0
RESEARCH PAPERS

Computer Simulation of Nonlinear Thermoelastic Behavior of a Joint in Machine Tool Structure and its Effect on Thermal Deformation

[+] Author and Article Information
M. H. Attia, L. Kops

Department of Mechanical Engineering, McGill University, Montreal, Quebec, Canada

J. Eng. Ind 101(3), 355-361 (Aug 01, 1979) (7 pages) doi:10.1115/1.3439518 History: Received July 28, 1978; Online July 15, 2010

Abstract

Analysis of a computer simulated case study of the nonlinear thermoelastic behavior of the joint between the column and the knee in a milling machine is presented. Significance of this behavior on the thermal deformation of contacting structural elements is evaluated. Computer simulation is performed by applying the approach based on recognition of interactions taking place at the joint. Through successive iterations, a convergence to the state of equilibrium is reached. Convergence is verified on a simplified model. The results indicate the significance of considering the behavior of the joint in predicting the thermal deformation, as the effect of this behavior extends throughout the structural elements. For the case under study, deformation of the structure differs noticeably from that without considering interactions at the joint. Distribution of the contact pressure, thermal contact conductance and heat flux along the joint indicate high degree of nonuniformity, which is responsible for the effect the joint has on the thermal deformation. Convergence to the state of equilibrium is reached in an oscillatory manner, as shown by the deformation of the knee. The simulated case is treated under the steady state conditions, however the approach can be extended to the transient state as well.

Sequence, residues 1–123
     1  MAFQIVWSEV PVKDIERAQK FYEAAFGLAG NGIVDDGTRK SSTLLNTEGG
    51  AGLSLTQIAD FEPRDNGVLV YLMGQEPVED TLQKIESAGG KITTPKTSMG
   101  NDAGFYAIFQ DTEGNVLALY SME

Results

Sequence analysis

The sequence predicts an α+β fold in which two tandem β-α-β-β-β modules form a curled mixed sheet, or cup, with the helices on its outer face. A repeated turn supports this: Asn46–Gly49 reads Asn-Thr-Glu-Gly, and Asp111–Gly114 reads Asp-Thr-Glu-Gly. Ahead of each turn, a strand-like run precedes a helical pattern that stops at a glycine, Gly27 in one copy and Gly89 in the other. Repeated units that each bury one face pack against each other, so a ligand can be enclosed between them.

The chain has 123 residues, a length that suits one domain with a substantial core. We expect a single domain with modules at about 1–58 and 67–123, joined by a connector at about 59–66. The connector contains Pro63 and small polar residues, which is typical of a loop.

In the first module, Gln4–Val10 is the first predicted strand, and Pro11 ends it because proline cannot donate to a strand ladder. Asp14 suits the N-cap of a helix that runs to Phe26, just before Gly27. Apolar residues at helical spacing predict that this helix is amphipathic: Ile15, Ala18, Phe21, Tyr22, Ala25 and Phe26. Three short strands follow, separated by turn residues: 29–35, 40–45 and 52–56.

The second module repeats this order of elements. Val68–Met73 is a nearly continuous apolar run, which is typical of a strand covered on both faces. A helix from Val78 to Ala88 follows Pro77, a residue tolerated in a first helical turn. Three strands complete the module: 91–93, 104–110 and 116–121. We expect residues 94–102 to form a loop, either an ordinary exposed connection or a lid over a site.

Copyright © 1979 by ASME
Your Session has timed out. Please sign back in to continue.

References

Figures

Tables

Errata

Discussions

Some tools below are only available to our subscribers or users with an online account.

Related Content

Customize your page view by dragging and repositioning the boxes below.

Related Journal Articles
Related eBook Content
Topic Collections

Sorry! You do not have access to this content. For assistance or to subscribe, please contact us:

  • TELEPHONE: 1-800-843-2763 (Toll-free in the USA)
  • EMAIL: asmedigitalcollection@asme.org
Sign In